I had just set down 'side the fire to do a bit of needlework when I heard a blow on the front door. It reminded me of that storm last summer when our tree struck the corner of the house. It startled me something fierce. Henry was asleep in his chair, his black mustache curled on one end and his head slumped over on his shoulder. He was snoring softly. He can sleep through anything, that man. I hit him and told him somebody was at the door. He grumbled and turned over in his chair. I shook my head and dropped my needlework and crossed the parlor to see who it was. I peered out the window 'side the door. Two women were standing there. No bonnets. No coats. The snow must have been over two feet deep, well past the ends of their pantaloons.
I threw open the door and told the women to come in before they caught their death of cold. They were wet from head to foot, which put me into an awful state of alarm. They were rather handsome looking women: well-poised, fine-featured, hardy and delicate at the same time. Their words were different than ours: well-refined, eastern, almost British. They reminded me of a picture of a highborn eastern gal I had once seen printed in the Quincy Whig.
I asked them what they were doing and why they were here and out in the cold and all wet too. They said they did not have time to explain. They were in a hurry and needed some clean linen and a kettle of hot water. I asked them whatever for. They said there was a woman down by the river that was having her baby.
I yelled Henry's name in that shrill tone that is always sure to prick his ear. He leapt out of his chair with a wild sort of expression and blinked a rapid set of disorderly blinks and rubbed his head and looked at the two ladies standing in our parlor. Henry, I told him, there is a woman down by the river that is having her baby. She'll need clean linen and a kettle of hot water. I'll fetch the linen and slip down to the river with these two ladies right away. Heat some water and bring the sleigh around and meet us at the river. Henry nodded, having cleared his head a bit, and went to work like an obedient husband. When Henry is aware of a need, he is the first to act, that man.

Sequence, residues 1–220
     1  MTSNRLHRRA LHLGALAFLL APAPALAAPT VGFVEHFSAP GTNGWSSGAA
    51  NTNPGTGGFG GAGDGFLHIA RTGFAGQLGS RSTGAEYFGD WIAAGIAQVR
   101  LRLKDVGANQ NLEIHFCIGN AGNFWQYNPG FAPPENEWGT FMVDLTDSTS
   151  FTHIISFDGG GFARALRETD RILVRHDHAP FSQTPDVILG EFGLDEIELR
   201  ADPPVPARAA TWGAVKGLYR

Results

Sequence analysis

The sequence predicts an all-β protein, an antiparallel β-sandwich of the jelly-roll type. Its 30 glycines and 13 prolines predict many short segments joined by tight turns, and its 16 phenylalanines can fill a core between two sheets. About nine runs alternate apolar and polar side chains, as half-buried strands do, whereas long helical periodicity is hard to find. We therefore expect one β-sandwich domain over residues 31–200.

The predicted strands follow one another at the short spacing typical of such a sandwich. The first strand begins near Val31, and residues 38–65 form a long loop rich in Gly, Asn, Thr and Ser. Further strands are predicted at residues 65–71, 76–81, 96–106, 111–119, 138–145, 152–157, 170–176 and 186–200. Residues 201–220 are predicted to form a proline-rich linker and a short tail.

As Henry set the kettle on the Hangford-iron, I fetched my coat and offered the ladies two others. They took them gladly and thanked me liberally for being so kind and willing to help. I told them it was no trouble at all. Needless to say, my head was still ripe full of questions. I followed the ladies out the door, and by the time we reached the river my dress was drenched and dragging at the ends of my pantaloons. Those ladies trod quickly, and I had a devil of a time keeping up. So I hadn't yet any time to discover who they were or what they were doing here or why there was a woman giving birth down at the river and in that horrid, un-saintly weather.
It was snowing, and the wind whipped it into my face.
Everything was black, the mighty Mississippi as black as get-out. The banks were unusually crowed and thick it seemed—all that winter-stripped Black Ash, Bitternut Hickory, Poison Ivy, and Elderberry brush. We picked our way through, and I tore my dress. I stopped to unsnag myself, but those two ladies kept on. I yanked my dress loose, and the fabric retched at me, but I didn't have time to worry about that because I was set on keeping pace with those two ladies.
Their worry was unquestionably great and mine was growing—I was balled up about the whole thing—and then the ladies stopped, and I managed a breath and began to form a question, when I saw a small knot of folks gathered 'neath the trees. The faint lights of Quincy filtered through the branches behind me. Black chunks of ice floated down the Mississippi. A smooth rug of snow stretched between us and that small huddle of people. The two ladies pressed on, and I suddenly hoped that Henry would be able to find us and feared that he might not. Ma'am, I said, catching the second lady's elbow, I am not sure that my husband will be able to find us in all this dark and hidden in all this thicket and neither of you has told me who you are and I should greatly like to know.